LAST week, on 16 March, the government of Zimbabwe published Statutory Instrument (SI) 72A of 2021 (Communal Land (Setting Aside of Land)(Chiredzi) Notice, 2021), which repealed SI 50 of 2021.
Gazetted on the 26 February, SI 50 of 2021 had set aside 12 940 hectares of land in Chiredzi for what was originally said to be a lucerne grass farming venture. The SI required residents to vacate the land immediately.
Days later, on 9 March, SI 63A of 2021 was published to correct certain mistakes that were in SI 50 of 2021.
The new SI 72A of 2021, maintains the original intent, with the land now said to be set aside for an irrigation scheme. What has changed is the removal of the clause requiring the immediate vacation of the land by residents.
As a result, there were some celebratory statements in the aftermath of SI 72A of 2021, celebrating what was seen to be a people’s victory following the widespread pushback mounted against the government’s conduct.
However, we note that those celebrations were premature, and in many ways ill-conceived.
When the government gazetted SI 50 of 2021, simultaneously SI 51 of 2021 was gazetted. SI 51 of 2021 changed designation of the same piece of land from being communal land to being State land. SI 51 of 2021 has not been repealed.
The effect of this is obvious: the land on which the people of Chilonga live has been taken away from them, and is now State land. That same piece of land remains targeted and set aside under the new SI 72A for the purported irrigation project.
What this means is that the people of Chilonga have been divested of their rights to the land, and the land has been transferred to the state. Accordingly, the people of Chilonga remain at risk of eviction and the land becomes open for investment purposes for the purported irrigation scheme for which it was set aside.
The repeal of SI 50 of 2021 has no meaningful effect, and is at best government’s attempt to mislead the nation into believing that it has retreated from its offensive strategy.
We are aware that a number of civil society organisations had challenged the government’s plans.
Those cases are currently falling away on the basis that government has now withdrawn SI 50 of 2021, yet in actual fact, the intent and effect of SI 51 as read together with the new SI 72A, is the same as what was to be achieved under SI 50. The end game being eviction of the people of Chilonga from the targeted piece of land.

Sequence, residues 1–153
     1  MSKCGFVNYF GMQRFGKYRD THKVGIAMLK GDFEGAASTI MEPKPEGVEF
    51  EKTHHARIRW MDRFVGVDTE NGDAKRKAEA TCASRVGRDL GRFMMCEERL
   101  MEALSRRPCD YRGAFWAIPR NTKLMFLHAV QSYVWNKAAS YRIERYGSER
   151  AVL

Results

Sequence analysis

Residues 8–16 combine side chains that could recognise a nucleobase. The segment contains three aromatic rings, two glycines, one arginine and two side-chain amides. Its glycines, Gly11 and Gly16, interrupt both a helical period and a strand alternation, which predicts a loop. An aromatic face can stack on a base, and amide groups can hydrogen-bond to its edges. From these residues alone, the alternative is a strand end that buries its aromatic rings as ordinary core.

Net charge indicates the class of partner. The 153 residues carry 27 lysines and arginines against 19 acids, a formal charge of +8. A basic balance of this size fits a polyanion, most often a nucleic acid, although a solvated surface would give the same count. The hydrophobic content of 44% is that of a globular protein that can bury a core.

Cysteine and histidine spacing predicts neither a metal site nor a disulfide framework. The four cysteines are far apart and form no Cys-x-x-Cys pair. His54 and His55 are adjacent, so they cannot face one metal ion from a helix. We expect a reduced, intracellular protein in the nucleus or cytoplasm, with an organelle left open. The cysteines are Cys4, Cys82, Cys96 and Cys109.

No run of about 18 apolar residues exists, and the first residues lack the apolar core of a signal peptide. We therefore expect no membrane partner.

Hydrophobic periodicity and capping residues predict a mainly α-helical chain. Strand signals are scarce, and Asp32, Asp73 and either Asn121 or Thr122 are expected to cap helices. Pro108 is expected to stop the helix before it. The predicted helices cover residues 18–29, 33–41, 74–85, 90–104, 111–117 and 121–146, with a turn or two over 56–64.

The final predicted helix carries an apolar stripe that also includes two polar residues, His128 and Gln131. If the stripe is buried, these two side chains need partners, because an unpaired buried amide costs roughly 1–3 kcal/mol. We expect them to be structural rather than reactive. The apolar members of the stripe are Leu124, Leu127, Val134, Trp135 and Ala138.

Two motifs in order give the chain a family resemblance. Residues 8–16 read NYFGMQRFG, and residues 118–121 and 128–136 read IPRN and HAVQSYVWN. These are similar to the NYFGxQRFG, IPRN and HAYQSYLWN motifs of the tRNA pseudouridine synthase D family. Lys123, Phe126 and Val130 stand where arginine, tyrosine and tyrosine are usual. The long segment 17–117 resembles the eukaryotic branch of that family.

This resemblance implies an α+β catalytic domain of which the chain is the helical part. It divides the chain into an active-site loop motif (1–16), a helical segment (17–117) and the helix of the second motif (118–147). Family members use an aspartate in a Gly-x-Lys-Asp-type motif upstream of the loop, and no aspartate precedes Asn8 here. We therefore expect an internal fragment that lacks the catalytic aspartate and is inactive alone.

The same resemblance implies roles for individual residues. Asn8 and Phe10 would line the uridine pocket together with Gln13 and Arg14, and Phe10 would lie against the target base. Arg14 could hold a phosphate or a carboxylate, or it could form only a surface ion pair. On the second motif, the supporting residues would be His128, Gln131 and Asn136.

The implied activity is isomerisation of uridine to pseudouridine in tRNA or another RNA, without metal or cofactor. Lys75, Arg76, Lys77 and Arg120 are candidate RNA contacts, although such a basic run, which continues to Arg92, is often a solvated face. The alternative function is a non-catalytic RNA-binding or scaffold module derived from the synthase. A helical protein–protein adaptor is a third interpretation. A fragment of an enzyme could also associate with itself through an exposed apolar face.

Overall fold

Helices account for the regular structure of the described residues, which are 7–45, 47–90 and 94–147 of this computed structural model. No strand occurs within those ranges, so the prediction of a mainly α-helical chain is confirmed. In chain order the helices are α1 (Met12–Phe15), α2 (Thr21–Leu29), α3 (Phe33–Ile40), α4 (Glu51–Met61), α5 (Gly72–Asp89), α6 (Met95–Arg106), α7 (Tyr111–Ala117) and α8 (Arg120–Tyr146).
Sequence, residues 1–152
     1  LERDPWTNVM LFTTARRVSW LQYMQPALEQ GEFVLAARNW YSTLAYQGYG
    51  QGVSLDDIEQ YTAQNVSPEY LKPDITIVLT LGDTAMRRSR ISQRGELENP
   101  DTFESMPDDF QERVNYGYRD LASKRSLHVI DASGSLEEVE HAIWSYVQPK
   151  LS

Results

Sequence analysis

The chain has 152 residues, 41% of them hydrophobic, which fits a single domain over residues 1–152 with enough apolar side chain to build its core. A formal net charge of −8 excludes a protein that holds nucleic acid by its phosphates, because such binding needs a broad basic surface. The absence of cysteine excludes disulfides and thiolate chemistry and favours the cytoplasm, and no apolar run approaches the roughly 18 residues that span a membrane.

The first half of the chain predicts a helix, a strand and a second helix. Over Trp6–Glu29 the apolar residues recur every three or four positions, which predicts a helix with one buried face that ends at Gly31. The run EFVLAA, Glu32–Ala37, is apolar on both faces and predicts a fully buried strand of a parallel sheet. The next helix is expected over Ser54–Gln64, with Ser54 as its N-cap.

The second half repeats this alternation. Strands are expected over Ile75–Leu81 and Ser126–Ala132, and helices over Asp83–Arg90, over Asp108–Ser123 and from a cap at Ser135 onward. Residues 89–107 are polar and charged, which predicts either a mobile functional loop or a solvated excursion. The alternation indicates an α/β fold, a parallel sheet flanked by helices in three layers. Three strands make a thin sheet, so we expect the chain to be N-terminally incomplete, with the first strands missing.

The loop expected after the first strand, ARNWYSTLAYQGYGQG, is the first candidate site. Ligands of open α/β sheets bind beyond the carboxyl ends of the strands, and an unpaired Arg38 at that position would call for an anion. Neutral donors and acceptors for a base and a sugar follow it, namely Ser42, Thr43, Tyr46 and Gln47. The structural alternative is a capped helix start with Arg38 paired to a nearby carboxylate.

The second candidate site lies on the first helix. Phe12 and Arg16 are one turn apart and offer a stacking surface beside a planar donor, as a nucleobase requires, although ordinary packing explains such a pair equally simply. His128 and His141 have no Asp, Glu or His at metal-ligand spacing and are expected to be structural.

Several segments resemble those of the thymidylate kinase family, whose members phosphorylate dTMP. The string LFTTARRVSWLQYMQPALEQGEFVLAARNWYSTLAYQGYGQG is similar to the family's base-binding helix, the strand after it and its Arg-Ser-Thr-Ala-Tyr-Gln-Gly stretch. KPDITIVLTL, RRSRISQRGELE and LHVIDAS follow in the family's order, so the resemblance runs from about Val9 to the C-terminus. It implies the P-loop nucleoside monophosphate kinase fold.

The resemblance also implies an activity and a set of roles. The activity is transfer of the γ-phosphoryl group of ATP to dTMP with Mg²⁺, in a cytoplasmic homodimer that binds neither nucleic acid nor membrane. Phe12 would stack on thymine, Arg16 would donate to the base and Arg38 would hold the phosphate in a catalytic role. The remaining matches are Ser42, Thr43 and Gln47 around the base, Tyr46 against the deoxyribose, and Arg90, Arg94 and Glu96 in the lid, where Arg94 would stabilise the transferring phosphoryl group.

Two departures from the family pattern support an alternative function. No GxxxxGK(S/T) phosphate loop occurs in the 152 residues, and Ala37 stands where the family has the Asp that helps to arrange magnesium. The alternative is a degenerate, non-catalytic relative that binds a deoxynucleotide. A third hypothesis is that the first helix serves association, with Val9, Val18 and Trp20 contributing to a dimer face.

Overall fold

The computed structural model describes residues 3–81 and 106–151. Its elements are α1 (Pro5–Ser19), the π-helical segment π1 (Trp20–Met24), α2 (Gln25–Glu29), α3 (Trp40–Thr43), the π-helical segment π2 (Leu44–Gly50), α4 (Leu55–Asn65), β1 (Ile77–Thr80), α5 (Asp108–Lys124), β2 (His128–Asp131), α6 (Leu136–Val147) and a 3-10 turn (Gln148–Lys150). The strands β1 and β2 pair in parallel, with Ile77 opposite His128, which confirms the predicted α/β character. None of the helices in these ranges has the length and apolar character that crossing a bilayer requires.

The government’s conduct violates sections 56, 68 and 74 of the constitution on equal protection and benefit of the law, administrative justice, and protection from evictions without a court order.
It remains unclear why the people of Chilonga have been targeted when there is other vacant land that could be designated for such a project. As far as we are aware, the people of Chilonga were not consulted and did not provide free and informed consent for the mooted project to continue on their land.
Any eviction of the people of Chilonga from this land which they call home violates section 74 of the constitution, which requires that there be a court order for one to be evicted from their home.
The constitution is the supreme law of the land, and occupies pride of place above all other laws.
Invoking constitutionally questionable clauses of the Communal Land Act does not override constitutional stipulations.
Equally offensive is that while the government proposes to have set aside the communal land to be state land, the authorities have proceeded to invoke the Communal Land Act to set aside the same piece of land for an irrigation project – when SI 51 of 2021 has in effect transformed the land from being communal land.
The Communal Land Act is no longer applicable to this piece of land.
This reveals the extent to which the government is desperately dabbling in illegalities in the manner it is approaching this issue.
Finally, we take note that the government’s conduct in the specific case of Chilonga is not divorced from broader trends of displacement this country has witnessed in the recent past.
This is emerging as a pattern where the government manipulates the absence of security of tenure on communal land holding despite communal land being ancestral land to many of Zimbabwe’s communities.
The Communal Land Act, as it is currently structured, is potentially in violation of the constitution insofar as the President and the minister responsible for the administration of the Act are given certain powers to alienate land from its traditional occupiers and right holders.
Given the above, we make the following demands:
That the government of Zimbabwe immediately and permanently withdraw SI 51 of 2021; and
That the government of Zimbabwe amend S1 72A of 2021 by removing the clause which continues to set aside the Chilonga land for the purported irrigation purposes.
That the government of Zimbabwe start a process to review communal land holding laws, including a wholesale revision of the Communal Land Act, to align it to the constitution, and to give ownership rights and security of tenure to dwellers of communal land. The Communal Land Act was passed in 1982, and needs significant reform to speak to the needs of today.
As civil society, we will continue to engage with the affected communities and with the government to ensure that unjust displacements, evictions and illegal divesting of land rights are halted, in the Chilonga community specifically, and in all communal land nationally.–Crisis Group